It’s been a while since I last posted. These past two and a half months have been extremely busy with the yard, enclosing the front porch, rebuilding and widening the front brick / stone pathway, and my computer hard drive rudely crashing and no amount of coaxing or recovery tools could bring it back to life (yes, all data was backed up with Time Machine). I should have seen the hard drive crash coming as a few weeks before the iMac was bogging down to the point where I reformatted the drive. did a clean install of the operating system installed programs on a case by case basis. Following the reformatting, all seemed well for some weeks. Then one day the screen went dark and the drive was no more. So, I’m now using an older laptop until I rebuild the desktop in three or four months.
Photographically, I have been in a slump these past weeks. This happens from time to tie, but this particular slump was brought on as I’ve been key wording my files to make the search filter highly functional. This particular approach requires each image to be reviewed for retention as well as assign appropriate key wording. Needless to say, such a detailed approach is beneficial (from a search perspective) while at the same time, forces me to review each image critically. As you can imagine, I was quite shocked at the number of “non-keepers” I identified in the process and immediately moved to the electronic trash bin.
As I thought upon this, I realized in the old “film” days you were restrained in the number of images you took due to film and print costs. When the digital era kicked in the cost per image dropped dramatically as the unit costs of storage media decreased and the storage ability increased. So, while I would have instant access to an image when shooting, it was all too easy to “shoot” away without taking the same care you would take when shooting film. The obvious result of the “shoot away” philosophy is an over abundance of non-keeper images.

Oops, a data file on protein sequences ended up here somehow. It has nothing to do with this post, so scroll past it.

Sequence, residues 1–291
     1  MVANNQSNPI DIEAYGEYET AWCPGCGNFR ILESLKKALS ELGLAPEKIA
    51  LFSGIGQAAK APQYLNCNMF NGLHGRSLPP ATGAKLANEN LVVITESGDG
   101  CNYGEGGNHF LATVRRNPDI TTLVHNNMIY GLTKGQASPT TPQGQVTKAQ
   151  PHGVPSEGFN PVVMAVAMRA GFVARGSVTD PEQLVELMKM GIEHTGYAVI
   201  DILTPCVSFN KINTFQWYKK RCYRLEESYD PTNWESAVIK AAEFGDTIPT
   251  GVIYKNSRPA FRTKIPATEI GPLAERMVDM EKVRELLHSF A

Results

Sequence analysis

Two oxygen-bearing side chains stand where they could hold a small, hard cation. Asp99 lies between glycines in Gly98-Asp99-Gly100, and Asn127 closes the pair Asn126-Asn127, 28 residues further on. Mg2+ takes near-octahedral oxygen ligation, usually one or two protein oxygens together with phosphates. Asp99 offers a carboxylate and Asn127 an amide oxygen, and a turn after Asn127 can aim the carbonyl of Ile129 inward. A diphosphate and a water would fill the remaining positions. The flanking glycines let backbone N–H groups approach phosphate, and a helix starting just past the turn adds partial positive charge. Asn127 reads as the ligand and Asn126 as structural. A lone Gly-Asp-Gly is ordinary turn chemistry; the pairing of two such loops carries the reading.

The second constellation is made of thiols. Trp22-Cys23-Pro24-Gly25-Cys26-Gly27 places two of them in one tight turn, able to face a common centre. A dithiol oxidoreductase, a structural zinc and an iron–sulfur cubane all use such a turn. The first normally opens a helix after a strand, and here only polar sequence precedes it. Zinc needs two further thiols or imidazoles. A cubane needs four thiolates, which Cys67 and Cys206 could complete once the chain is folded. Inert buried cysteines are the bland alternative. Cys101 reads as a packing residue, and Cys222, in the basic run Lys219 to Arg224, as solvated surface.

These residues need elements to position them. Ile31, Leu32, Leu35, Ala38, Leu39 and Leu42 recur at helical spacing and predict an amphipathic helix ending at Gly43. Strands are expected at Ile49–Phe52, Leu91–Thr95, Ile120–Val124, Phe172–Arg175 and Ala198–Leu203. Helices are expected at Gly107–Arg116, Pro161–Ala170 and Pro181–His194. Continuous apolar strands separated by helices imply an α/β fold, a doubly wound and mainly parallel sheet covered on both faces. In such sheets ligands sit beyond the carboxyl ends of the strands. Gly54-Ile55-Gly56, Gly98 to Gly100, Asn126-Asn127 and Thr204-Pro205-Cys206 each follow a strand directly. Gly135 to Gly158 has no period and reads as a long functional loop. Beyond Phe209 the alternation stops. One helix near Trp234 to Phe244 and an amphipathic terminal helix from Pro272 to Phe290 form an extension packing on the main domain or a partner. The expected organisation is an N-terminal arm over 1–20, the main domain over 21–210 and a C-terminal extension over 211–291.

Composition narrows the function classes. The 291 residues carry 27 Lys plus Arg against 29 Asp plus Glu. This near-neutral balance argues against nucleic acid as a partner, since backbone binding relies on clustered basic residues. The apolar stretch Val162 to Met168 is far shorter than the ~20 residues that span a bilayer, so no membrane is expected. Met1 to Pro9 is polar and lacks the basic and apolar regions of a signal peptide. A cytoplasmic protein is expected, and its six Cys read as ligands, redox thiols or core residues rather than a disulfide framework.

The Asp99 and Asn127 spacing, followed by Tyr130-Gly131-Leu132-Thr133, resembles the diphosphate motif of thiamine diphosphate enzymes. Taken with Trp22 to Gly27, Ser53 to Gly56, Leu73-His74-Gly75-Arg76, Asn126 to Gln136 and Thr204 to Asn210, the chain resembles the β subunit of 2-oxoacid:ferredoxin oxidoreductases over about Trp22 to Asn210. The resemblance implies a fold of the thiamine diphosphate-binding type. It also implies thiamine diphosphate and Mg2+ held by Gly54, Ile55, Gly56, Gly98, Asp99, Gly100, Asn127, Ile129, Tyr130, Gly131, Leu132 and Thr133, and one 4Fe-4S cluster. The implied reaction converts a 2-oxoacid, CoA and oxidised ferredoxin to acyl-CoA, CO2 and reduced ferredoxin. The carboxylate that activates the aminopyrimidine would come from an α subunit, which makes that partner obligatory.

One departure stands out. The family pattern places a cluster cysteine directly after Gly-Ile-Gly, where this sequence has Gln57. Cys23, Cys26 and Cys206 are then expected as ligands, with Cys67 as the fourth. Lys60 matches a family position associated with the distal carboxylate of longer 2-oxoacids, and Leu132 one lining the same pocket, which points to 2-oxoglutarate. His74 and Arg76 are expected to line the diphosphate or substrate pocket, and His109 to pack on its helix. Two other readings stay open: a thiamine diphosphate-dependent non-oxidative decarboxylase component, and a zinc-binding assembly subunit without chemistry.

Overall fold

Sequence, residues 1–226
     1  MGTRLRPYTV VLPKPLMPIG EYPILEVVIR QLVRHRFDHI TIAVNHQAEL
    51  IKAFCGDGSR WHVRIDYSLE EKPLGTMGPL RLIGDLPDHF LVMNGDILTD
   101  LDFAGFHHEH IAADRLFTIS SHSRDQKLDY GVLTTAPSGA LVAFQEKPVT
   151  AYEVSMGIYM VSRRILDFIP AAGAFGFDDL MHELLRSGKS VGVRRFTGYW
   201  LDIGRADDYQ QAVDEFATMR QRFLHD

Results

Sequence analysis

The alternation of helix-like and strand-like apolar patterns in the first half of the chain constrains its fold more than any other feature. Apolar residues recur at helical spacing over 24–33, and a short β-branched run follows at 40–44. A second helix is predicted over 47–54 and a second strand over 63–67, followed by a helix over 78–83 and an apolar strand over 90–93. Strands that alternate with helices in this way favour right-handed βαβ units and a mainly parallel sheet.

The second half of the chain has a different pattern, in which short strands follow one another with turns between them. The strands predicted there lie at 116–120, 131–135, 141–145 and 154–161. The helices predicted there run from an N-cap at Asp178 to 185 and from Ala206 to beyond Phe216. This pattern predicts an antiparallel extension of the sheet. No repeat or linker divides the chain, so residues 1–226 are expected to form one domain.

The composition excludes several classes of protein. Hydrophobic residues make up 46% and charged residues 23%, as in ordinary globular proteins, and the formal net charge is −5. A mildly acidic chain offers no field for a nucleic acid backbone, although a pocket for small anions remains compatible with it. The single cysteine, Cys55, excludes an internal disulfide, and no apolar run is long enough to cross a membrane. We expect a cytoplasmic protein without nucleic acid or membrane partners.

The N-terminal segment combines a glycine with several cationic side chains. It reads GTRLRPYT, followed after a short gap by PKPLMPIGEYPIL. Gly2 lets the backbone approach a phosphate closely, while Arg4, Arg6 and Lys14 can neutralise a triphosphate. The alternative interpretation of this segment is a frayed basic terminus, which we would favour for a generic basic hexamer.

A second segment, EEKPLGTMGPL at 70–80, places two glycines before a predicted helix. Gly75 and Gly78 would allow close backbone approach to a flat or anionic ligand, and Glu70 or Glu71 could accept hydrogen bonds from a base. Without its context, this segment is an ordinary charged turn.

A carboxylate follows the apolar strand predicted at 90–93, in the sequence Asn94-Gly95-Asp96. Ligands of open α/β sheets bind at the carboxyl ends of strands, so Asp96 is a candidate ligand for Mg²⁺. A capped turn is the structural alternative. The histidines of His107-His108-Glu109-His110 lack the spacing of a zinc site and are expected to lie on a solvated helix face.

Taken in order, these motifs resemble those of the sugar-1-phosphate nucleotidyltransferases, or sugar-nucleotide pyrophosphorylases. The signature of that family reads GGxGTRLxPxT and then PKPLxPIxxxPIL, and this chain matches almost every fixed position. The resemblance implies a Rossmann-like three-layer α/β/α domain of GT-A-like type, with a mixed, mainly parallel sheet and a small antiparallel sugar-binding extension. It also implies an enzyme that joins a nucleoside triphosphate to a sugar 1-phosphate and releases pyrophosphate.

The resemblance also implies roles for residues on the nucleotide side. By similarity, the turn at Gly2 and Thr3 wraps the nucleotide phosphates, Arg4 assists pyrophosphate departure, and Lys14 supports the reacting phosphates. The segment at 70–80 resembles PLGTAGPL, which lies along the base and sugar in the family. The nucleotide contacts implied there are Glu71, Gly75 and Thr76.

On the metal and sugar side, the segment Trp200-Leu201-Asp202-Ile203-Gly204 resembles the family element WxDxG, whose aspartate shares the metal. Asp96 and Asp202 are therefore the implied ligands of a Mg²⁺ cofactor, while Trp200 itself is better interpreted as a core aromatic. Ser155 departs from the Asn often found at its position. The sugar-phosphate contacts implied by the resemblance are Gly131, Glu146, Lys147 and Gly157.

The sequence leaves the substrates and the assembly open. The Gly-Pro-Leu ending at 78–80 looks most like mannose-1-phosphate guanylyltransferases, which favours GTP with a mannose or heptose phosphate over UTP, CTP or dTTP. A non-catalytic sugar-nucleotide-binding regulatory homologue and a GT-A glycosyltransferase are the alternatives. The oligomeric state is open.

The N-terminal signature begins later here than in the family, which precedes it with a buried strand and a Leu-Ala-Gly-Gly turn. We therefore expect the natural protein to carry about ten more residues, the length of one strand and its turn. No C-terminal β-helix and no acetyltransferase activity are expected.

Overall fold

A few weeks ago I took a day trip to Mt. St. Helens as I wanted to photograph the volcano from a side view instead of the normal frontal view you would get if you were view it from the Johnson Ridge observatory. There’s at least three roads to view the volcano: the main access from I-5 (Highway 504 from Castle Rock; the road to the Windy Ridge observation point (off of state Highway 25 and turn on Highway 99 which leads you to Windy Ridge); and state Highway 503 to state Highway 83 which takes you to the Lahar viewpoint. While my wife and I have been to both the Johnson Ridge and Windy Ridge observatories, we have not visited the Lahar viewing point.
So, why did I want to photograph the side of Mt. St. Helens vis-a-vis a frontal view? Our first trip to Mt. St. Helen was to the Johnson Ridge Observatory in 2006 and to say that it’s a breath-taking view is an understatement as you have full frontal view of that part of the mountain that was literally blown out by the eruption. It’s truly an awe-inspiring view of nature’s power when that much pressure is released. However, I didn’t truly understand the full scope of the blast until I viewed the volcano from Windy Ridge and saw how much was carved away from the mountain. It’s a different perspective than from the Johnson Ridge observatory. Hopefully, it now makes sense why I wanted to capture a view of Mt. Saint Helens from the west side from Highway 504…my goal for last week.